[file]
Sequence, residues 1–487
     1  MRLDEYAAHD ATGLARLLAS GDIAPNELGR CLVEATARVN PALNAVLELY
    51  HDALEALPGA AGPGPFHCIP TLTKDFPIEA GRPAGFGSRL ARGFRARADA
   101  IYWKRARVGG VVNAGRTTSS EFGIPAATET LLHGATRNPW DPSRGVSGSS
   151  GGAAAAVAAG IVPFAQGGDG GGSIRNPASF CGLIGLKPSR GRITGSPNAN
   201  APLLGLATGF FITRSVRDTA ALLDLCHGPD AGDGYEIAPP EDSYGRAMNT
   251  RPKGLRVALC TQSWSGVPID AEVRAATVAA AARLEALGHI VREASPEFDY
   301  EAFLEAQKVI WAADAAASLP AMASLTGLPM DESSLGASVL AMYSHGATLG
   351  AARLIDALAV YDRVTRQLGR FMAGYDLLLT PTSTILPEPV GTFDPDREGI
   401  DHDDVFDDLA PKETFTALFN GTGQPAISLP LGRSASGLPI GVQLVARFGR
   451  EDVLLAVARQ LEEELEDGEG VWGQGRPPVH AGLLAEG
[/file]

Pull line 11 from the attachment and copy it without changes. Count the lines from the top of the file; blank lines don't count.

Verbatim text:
   451  EDVLLAVARQ LEEELEDGEG VWGQGRPPVH AGLLAEG